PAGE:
Ok, here is how deep, dark secret of Google, Bing and Yahoo work:
They index content on the internet. They analyze that content. When someone searches for something, the search engines match the search with content. The better the match, the more likely it will be shown high on the search engine results pages. An abundance of high-quality content will result in a higher number of website visitors. No content will equate to very few visitors from search engines.
Yes, it is that simple! Content!
What is content?
Content is essentially words on your website, photos, and video. The biggest contributor to your search engine visibility is, by far, words on your page. Sure, there are other factors, but if you can do one thing right, it should be to have ample, useful content on your website.
How to win
If you can produce good, high-quality content that is better than anyone else, you will have good search engine visibility. If your competitors do a better job, they win!
Note: there are hundreds of factors that go into search engine visibility, but if you can have a winning content strategy, you will have essentially covered the most important ones.
What is a content strategy?
A content strategy is a plan to produce and disseminate content on your website and other online locations, such as Facebook, Twitter, Instagram and others.
How can a business develop and effective content strategy?
At Kona Impact, we look at it as a repetitive four-step process.
- Analyze strengths, weaknesses, and opportunities. If you are a snorkeling business in Hawaii, for example, you’ll want to look at creating content around snorkeling, Hawaii travel and ocean ecology. You’ll then want to develop a set of key topics or ideas related to your business. Research what competitors are producing and what you find online. It often helps to work with a professional search engine marketing company like Kona Impact, as we have years of experience doing this. We also have some tools and access to databases that most novices don’t.
- Look closely at your resources. If you hate writing, find someone in your businesses that doesn’t. Make sure he or she can write well, is aligned with the goals of your business and has the time and focus on creating great content. In our experience, the young, just-out-of-college employee will lack the maturity and business savvy to be a good content creator. Likewise, someone who says “Facebook” and “Instagram” often in your planning is NOT who you want. These are not content creation tools; they are content dispersion tools and should only be a very small part of your planning.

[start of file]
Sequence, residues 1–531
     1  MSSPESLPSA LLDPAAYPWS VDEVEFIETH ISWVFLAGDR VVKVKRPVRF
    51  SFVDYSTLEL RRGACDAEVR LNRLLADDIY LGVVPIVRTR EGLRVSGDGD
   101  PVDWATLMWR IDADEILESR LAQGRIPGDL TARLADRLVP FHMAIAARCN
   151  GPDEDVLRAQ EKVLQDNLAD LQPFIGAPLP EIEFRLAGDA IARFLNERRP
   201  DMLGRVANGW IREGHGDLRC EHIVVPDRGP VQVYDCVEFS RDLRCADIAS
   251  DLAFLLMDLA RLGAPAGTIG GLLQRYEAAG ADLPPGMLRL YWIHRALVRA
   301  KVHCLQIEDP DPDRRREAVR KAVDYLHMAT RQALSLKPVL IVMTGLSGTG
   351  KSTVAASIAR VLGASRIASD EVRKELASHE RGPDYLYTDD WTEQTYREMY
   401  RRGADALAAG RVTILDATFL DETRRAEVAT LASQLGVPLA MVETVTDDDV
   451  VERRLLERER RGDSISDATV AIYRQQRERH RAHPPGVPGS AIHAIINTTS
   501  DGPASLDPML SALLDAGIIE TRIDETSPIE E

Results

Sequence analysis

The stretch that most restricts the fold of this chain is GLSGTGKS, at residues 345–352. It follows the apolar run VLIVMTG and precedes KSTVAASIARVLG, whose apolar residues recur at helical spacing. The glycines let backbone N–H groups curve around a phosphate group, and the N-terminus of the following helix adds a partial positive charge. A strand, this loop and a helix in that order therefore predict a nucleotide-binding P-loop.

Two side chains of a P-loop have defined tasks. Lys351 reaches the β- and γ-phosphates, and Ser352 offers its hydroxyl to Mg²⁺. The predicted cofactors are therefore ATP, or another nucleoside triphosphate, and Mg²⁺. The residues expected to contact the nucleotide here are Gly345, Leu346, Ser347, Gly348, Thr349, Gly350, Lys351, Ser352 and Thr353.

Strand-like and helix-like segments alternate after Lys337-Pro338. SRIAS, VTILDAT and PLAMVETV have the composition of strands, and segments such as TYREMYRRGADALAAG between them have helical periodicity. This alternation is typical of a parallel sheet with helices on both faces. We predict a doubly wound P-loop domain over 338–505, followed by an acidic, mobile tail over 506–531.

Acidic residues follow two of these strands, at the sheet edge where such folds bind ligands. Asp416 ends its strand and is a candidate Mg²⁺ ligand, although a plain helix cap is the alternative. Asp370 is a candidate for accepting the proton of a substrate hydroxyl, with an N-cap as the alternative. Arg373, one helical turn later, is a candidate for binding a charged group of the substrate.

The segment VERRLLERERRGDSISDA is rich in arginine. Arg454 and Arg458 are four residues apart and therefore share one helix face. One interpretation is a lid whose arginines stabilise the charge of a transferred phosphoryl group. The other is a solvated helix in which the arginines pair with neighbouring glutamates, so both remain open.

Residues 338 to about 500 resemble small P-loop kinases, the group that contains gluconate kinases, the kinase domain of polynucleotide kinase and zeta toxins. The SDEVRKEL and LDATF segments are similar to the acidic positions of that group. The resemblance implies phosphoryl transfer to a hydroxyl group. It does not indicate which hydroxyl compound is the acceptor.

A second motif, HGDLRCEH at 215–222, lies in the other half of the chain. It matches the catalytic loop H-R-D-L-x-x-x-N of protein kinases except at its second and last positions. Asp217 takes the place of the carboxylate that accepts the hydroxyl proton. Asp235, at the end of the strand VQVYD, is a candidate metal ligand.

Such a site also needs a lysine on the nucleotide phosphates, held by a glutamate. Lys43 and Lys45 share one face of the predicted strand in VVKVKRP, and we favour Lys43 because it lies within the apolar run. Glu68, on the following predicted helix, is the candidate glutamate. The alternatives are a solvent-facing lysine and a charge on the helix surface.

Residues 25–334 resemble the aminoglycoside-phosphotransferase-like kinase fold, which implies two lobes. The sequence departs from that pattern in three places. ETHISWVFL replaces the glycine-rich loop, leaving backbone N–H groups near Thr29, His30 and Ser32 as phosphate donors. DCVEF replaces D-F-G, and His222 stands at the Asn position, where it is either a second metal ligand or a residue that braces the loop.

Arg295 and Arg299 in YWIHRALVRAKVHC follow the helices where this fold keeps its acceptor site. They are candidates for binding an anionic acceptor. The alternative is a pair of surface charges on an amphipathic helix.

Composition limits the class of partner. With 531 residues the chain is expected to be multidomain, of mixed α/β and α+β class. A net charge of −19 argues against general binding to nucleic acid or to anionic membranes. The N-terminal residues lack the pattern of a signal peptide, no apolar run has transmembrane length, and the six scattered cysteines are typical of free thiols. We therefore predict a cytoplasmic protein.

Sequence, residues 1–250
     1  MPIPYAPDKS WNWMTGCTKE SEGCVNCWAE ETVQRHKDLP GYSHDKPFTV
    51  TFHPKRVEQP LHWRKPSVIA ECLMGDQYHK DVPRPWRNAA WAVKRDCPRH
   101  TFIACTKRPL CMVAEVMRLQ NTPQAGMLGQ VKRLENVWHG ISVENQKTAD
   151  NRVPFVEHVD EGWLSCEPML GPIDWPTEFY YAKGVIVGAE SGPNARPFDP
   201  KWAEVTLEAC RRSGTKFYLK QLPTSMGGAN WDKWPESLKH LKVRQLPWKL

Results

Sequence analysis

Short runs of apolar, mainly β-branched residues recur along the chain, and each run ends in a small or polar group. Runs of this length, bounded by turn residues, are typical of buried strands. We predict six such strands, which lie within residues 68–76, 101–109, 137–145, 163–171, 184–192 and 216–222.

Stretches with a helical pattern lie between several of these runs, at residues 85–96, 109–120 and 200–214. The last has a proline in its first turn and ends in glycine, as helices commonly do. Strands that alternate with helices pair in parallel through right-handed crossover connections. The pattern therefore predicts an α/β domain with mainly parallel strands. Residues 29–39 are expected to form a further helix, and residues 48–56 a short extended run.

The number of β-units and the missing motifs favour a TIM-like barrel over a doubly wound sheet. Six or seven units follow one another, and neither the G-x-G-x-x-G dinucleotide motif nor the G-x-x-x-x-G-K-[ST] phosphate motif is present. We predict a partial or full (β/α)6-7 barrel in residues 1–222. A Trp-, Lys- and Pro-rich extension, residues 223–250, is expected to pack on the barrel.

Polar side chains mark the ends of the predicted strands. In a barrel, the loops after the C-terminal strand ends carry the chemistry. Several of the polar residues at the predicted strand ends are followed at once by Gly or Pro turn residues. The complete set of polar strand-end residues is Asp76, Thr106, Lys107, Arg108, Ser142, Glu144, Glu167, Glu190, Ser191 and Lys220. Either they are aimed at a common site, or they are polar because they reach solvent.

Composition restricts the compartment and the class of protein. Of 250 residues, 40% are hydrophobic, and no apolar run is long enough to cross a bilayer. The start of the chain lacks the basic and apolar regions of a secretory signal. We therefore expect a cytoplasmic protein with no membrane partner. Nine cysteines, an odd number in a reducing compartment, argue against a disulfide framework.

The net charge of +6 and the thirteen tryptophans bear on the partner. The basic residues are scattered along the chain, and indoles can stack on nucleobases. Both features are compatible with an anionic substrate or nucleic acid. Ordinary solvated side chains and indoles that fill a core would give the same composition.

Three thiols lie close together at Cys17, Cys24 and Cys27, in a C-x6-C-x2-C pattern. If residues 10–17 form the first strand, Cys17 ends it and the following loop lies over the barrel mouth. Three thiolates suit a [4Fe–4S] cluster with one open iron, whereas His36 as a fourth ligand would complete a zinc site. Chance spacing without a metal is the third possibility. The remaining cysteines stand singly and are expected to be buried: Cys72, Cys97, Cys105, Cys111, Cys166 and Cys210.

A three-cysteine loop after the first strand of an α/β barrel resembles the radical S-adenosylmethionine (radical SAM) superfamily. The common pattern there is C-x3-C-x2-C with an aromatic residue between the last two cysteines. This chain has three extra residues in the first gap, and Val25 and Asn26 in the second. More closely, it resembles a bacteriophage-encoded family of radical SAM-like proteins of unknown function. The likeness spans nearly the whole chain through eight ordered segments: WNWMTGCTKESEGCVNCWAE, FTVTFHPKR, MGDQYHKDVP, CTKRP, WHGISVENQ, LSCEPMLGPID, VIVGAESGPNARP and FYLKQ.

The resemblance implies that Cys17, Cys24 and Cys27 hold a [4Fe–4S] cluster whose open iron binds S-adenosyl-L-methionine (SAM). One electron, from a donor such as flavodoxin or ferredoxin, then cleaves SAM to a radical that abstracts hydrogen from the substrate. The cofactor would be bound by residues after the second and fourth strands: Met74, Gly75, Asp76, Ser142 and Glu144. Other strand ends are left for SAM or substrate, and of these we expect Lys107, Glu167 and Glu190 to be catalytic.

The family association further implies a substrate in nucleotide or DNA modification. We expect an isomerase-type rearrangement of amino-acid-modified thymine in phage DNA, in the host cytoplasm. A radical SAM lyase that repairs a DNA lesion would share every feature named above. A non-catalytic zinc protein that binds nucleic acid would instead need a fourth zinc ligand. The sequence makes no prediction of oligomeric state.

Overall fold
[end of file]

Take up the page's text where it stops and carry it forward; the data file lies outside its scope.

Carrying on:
- Make a plan. We recommend weekly or twice weekly posts to your website. For most this is two to five paragraphs of blogging. If done consistently, this will add between 50 and 100 pages a year to your website! Be sure to give your content creators clear, focused goals and the time to create good content. Again, working with a company that helps businesses on their content strategy can save you a lot of stress and money. You’ll get better results, too. A few hours of working with a consultant is a very wise investment.
- Monitor. Be sure to review the quantity and quality of visitors you get to your website. Ask every new client how they found you. Keep track of employee and your time as you implement your plan. Also, be sure to take a long-term perspective; change and growing a business take time and persistence.
A content strategy is not for everyone.
I liken a content strategy to getting in shape. It is far easier to keep the status quo than to change. Change takes effort and, to be honest; the results are often slow in coming. If you hate writing, and everyone in your organization does, find a Plan B to grow your business. If you are developing a content strategy but you’re not sure what one is or why it’s important, learn, or find a Plan B. If want results with no effort, don’t start, as you’ll be doomed to failure.
Developing and implementing a strategy is a process, and it is best suited to businesses that see the value and realize what they are doing now is not optimal. They must also be willing to invest resources to achieve optimal success.